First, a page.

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The Nonconformist . No . VI . On the Cause of Nonconformity as connected with the Interests of general
Literature . rXIHE spirit of resistance to eccle-JL siastical domination , which constituted the aera of the Reformation , was unquestionably coeval with such gigantic strides in the inarch of intellect , as to make compensation , in a
great degree , for the sloth and retrogression of preceding ages > nor will it be denied by any , except the disciples of that Chjurch , whose supremacy was invaded in the glorious contest , that Protestantism was , at
that period , identified in its interests and prospects , with all those literary pursuits which tend to expand and dignify the human understanding . If , then , that cause of Nonconformity of which we profess ourselves the advocates , is neither more nor less than
Protestantism carried on and pursued to its genuine consequences , we shall have little hesitation in concluding without having recourse to historical induction , that English Nonconformity has been , upon the whole , serviceable to the cause of English literature . To this conclusion , however
we must not expect a hasty assent from that large portion of our fellowchristiaus , who , with the celebrated Commentator upon the laws of England , ingeniously and candidly resolve the caus € * s of Nonconformity into
" weakness of intellect , " misdirected piety , " perverseness and acerbity of temper , " and " a proapeet of secular advantage in herding with a party " - — qualities , from which no flowers of genius , no fruits of learning , could
consistently be expected to spring . To this elegant but undiscriminating encomiast of English legislators , and to thousands who , like him , draw their information and their spirit from no purer sources than the acrid fount of test laws aud prose liptive statutes , the principles and conduct of
Nonconformists present nothing but an arrogatioji of superior ^ apctity , an abstinence from the most innocent and tasteful recreations , and fan ignorant contempt of those sublime products $ f the imagination , and those venerable works of art which tend to mould and
foster Jafty thoughts , and to embellish and refine the social state- The ub ^ prejudiced student of English history will pp t , however , be deceived by such partial and superficial estimates either of the mental or inoral qualities
of that illustrious band , who have extorted from an adversary the metaorable confession , that to their efforts England stood indebted for the preservation of the precious spark of civil liberty , as well as of religious iuder pendence , ' * which two things , " as
Milton observes , *« God hath inseparably knit together , aad hath disclosed to us , that they who seek to corrupt our religion , are the same that would enthral our civil liberty , "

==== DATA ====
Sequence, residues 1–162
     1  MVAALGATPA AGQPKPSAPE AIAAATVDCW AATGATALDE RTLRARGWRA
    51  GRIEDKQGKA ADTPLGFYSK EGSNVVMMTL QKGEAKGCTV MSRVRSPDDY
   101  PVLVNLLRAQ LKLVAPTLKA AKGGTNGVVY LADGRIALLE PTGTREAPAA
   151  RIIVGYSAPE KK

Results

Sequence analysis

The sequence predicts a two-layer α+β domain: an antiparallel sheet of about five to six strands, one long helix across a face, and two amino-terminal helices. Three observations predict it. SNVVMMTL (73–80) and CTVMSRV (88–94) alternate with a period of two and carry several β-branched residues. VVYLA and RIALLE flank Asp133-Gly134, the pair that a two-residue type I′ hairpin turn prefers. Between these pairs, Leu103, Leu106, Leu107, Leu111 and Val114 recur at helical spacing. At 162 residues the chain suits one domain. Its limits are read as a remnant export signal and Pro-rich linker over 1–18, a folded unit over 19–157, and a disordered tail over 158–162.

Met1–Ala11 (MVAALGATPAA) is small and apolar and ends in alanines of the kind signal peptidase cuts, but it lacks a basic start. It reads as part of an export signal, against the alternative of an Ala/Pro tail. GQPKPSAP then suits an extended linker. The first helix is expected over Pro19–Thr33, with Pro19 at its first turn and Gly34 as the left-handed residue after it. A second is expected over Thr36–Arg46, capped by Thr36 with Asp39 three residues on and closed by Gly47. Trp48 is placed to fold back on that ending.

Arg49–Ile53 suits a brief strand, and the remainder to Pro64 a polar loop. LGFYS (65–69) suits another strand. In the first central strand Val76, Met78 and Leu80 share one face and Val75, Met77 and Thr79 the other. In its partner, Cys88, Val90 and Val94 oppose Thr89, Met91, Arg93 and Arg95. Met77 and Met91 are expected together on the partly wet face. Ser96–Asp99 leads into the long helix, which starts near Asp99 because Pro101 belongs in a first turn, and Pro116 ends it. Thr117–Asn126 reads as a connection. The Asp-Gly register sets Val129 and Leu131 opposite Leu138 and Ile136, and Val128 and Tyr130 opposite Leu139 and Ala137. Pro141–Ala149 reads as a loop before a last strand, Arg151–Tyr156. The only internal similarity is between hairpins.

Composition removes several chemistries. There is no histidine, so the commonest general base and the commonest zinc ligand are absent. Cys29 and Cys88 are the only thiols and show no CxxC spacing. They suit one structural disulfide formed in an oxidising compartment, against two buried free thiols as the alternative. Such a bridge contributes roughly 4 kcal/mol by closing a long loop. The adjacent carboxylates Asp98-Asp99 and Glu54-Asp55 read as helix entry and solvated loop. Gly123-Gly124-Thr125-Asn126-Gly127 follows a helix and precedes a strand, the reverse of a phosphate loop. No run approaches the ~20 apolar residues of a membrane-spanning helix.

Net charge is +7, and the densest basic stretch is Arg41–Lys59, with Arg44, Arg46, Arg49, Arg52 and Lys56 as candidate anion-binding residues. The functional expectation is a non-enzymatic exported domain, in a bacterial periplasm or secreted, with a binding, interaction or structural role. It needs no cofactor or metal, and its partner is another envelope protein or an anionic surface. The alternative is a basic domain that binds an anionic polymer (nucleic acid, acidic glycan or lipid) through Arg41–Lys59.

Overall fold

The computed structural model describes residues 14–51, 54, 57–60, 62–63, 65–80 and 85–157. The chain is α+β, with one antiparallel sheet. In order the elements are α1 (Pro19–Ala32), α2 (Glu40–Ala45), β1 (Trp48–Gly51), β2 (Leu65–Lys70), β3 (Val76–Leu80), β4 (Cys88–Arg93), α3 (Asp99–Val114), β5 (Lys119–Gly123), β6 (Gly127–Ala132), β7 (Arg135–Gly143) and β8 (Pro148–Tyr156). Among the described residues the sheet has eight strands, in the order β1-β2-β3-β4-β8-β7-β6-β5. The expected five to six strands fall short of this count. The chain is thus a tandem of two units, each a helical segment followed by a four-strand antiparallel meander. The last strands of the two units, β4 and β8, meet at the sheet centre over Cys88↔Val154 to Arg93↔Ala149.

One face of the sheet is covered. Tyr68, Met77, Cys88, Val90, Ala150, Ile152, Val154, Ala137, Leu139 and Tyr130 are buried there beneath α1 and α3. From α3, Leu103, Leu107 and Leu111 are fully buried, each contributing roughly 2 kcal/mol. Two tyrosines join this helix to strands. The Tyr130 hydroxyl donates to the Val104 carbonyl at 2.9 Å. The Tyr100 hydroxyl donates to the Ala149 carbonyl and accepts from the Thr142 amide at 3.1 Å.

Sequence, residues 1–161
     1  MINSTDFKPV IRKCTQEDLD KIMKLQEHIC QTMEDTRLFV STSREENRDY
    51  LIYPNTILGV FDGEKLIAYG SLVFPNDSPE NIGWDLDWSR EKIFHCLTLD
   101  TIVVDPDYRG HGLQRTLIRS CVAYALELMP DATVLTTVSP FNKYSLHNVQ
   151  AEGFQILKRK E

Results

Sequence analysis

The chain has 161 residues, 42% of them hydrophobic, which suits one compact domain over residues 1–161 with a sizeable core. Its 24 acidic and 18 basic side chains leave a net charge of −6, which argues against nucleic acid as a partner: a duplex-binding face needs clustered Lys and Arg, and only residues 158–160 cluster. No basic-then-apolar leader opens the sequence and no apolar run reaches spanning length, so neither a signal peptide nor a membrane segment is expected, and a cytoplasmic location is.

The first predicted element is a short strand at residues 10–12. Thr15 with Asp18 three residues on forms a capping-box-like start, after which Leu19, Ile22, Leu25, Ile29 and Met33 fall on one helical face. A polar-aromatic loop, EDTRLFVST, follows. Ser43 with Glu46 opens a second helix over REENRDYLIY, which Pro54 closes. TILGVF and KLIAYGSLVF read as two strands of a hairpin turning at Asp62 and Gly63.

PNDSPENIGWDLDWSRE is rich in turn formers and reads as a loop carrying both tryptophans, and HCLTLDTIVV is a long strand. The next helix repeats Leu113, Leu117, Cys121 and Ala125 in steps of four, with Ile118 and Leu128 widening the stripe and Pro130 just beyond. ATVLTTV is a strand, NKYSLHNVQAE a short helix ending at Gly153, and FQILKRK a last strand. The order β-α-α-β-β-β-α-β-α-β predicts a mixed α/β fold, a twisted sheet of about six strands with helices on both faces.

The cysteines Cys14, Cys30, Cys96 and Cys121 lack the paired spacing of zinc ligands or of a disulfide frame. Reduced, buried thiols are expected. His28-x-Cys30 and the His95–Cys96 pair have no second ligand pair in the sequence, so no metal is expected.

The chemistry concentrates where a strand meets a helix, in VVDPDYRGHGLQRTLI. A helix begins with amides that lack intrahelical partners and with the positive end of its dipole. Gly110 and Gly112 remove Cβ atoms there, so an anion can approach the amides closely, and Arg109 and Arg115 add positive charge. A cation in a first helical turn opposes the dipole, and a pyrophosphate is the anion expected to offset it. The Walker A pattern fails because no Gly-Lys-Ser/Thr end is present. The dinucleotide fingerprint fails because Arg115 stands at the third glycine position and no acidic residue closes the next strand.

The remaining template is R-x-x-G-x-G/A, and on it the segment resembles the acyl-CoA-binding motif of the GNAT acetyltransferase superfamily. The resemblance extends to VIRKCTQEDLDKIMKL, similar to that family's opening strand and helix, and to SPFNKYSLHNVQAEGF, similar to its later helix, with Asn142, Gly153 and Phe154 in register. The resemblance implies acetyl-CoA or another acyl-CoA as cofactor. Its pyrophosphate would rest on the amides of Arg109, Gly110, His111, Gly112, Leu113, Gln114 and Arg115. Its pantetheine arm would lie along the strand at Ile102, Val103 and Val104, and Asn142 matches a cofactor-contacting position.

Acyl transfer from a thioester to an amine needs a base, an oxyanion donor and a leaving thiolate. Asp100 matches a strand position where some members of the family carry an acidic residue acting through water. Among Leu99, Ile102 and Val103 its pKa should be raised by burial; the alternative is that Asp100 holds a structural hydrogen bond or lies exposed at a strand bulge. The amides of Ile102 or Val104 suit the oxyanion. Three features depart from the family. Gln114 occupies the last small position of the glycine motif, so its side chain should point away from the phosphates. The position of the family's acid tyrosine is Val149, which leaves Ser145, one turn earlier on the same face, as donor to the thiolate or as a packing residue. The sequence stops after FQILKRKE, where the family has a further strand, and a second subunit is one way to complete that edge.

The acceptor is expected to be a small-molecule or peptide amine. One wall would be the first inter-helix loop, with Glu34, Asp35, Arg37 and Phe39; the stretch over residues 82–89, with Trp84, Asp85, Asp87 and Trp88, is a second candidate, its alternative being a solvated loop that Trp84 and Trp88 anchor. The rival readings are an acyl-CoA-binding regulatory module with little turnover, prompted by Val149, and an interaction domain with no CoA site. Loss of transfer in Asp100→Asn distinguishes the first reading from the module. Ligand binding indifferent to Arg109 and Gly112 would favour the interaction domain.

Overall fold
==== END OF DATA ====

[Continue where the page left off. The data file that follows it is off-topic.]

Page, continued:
From those who have successfully resisted the unhallowed usurpations of priests and statesmen , upon the highest and most important province of human inquiry , every philosophic and candid mind must concede that
the interests of science , and literature , in every department , have derived eminent and lasting advancement . But in what proportion the champions of Nonconformity have , to the different stages of their history , individually recruited the ranksof
learning , presents , it must foe admitted , an inquiry of a ' different complexion , the result of which might , from adventitious circumstance ^ , be unfavourable , without in the slightest degree impeaching the general conclusion . A marked deficiency in . literary acquirements has been ever and anon
insinuated against the body of Nonconformists , in modern as well as in 4 noi * c early times : and it is to an investigation of the truth of this charge , that the present writer wishes to invite some of the members of this society , whose
talents and information might do that justice to the subject , which he feels beyond the scope erf ? bis own leisure and course of study , and the Hunts of a single Eesay . Th ^ t Nonconformists , in later times , hwe 'been outrivalled
by their brethren within the pale , and under the opulent patronage of jthe Establishment , m some of the ornamental branches of literature-4-that they have beeii campavfctiviely unskilled in the art of cemeatiH&the di § jv ( Ui juembm < rf a Gneck tiu ^ ad y , or twiefci ating tbe my « t « ri ^ & t ) f . tti ^ cietit mytholQg \ m , > mneweq of wtcepiu ^ dhe
^ 4 Cause gf JSfoneonf& rm itj / f as connected with Zdteratiire .
Monthly Repository (1806-1838) and Unitarian Chronicle (1832-1833), Jan. 2, 1819, page 24, in the Nineteenth-Century Serials Edition (2008; 2018) ncse.ac.uk/periodicals/mruc/issues/vm2-ncseproduct1768/page/24/